Amidon's Miller to give up Queen title this weekend
Codi Miller's senior year of high school was busy from the outset and has been a whirlwind ever since.
Last June, she was named the North Dakota High School Rodeo Association's Queen on the morning of the state finals championship round. Later that afternoon, she took home her second consecutive state title in the pole bending.
After more than 100 public appearances through her duties as queen, Miller will hand over the title this weekend at the state high school finals rodeo.
While the recent Bowman County High School graduate laughed Tuesday night and said she was "running on empty," Miller admitted she will miss everything the title allowed her to do.
"To me, it's not only an opportunity, it's a job," Miller said. "Winning that was my main goal last year. When I did win it, to me it was my duty to go to as many places as I could -- even though I was still in high school."
On Sunday, Miller will hand over the title to one of four queen finalists: Cassandra Bauske of Ray, Aahley Bateman of New Salem, Saige Feilmeier of Watford City and Layne Larson of Marion.
With any luck, later that afternoon she'll hop on her horse, Fancy, and try for a third consecutive trip to the National High School Finals Rodeo in the pole bending -- even though she's a longshot this time around.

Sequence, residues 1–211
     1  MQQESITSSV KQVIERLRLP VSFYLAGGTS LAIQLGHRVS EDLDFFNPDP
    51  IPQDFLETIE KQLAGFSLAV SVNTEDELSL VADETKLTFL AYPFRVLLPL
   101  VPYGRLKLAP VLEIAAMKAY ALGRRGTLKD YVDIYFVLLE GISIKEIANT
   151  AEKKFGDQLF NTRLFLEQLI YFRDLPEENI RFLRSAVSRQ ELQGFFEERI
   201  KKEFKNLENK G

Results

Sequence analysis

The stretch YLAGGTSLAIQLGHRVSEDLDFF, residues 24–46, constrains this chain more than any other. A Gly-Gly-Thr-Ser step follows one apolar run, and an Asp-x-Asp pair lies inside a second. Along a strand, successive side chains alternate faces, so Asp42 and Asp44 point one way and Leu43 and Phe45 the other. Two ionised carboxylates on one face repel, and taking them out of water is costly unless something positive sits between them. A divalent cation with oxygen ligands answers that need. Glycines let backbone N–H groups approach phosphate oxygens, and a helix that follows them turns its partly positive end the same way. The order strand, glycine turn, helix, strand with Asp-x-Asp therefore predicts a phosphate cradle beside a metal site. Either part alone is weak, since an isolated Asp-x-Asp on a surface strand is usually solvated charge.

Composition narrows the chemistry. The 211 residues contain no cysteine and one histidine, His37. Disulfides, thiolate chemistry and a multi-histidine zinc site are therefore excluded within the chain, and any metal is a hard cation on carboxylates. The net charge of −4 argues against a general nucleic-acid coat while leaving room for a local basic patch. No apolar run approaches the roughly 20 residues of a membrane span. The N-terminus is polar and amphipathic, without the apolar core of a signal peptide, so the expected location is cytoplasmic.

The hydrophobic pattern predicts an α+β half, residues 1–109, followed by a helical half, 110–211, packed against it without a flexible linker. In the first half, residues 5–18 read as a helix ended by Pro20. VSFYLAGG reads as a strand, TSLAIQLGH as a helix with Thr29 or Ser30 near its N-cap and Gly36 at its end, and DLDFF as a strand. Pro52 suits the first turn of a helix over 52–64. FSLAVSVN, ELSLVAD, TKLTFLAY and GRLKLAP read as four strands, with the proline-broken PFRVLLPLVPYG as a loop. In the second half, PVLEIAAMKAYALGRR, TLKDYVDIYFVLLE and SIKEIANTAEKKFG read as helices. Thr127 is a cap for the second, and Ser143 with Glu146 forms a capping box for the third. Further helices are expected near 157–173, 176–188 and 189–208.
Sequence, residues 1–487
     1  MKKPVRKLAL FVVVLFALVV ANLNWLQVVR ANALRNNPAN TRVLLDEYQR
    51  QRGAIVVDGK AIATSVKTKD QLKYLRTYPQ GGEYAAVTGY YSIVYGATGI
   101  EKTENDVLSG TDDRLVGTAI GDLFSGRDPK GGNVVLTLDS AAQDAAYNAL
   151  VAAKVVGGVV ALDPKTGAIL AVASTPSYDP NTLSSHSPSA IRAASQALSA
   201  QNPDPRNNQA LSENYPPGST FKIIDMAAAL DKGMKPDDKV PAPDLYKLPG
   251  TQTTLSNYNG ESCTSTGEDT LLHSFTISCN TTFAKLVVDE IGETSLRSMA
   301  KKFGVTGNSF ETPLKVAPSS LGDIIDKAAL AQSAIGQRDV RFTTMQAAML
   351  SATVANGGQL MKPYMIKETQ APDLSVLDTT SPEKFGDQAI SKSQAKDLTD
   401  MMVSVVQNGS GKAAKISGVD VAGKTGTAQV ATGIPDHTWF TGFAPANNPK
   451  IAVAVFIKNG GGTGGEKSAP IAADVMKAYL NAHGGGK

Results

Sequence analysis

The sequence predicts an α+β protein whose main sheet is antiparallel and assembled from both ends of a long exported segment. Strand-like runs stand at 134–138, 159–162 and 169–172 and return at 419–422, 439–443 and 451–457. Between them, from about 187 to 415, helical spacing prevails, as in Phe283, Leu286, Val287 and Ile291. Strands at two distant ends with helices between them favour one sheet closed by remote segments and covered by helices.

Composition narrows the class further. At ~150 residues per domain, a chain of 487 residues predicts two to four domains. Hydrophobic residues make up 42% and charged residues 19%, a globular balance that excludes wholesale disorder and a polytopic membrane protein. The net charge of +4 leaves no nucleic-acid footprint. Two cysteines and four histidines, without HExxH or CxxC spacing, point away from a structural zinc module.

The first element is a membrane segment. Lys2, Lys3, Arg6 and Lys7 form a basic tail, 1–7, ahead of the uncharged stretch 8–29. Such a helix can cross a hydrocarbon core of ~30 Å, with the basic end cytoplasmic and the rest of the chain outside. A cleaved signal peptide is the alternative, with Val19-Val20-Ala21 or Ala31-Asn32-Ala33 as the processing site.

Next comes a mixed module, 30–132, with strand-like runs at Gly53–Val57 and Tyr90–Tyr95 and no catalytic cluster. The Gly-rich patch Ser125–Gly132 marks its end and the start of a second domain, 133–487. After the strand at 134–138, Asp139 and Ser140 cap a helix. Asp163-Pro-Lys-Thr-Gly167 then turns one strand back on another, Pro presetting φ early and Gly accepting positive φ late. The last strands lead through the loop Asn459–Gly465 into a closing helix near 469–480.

Miller tied with her younger sister, Kit Miller, with the No. 14 ranking in the event.
While the two are well out of the championship race, they can still make a run at the one of the top four spots, which would earn them a trip to the NHSFR in Gillette, Wyo.
"Making it to nationals is going to be tough," Codi Miller said. "I know a lot of people think that it's the horse, but it takes a lot of work from the cowgirl, too, in the pole bending. If the pole comes down, it's usually our fault."
Miller said other factors than her queen duties led to her not being as competitive in the pole bending this season.
She said that Fancy, a horse than has been in her family for several years and is close to 30 years old, no longer has the speed she once had.
"I can't go in there and want to get a 20-second run because I don't know if that's possible anymore," Miller said.
That isn't going to stop Miller from trying though.
"My plan is just to go in there with nothing to lose and go out with a bang," she said.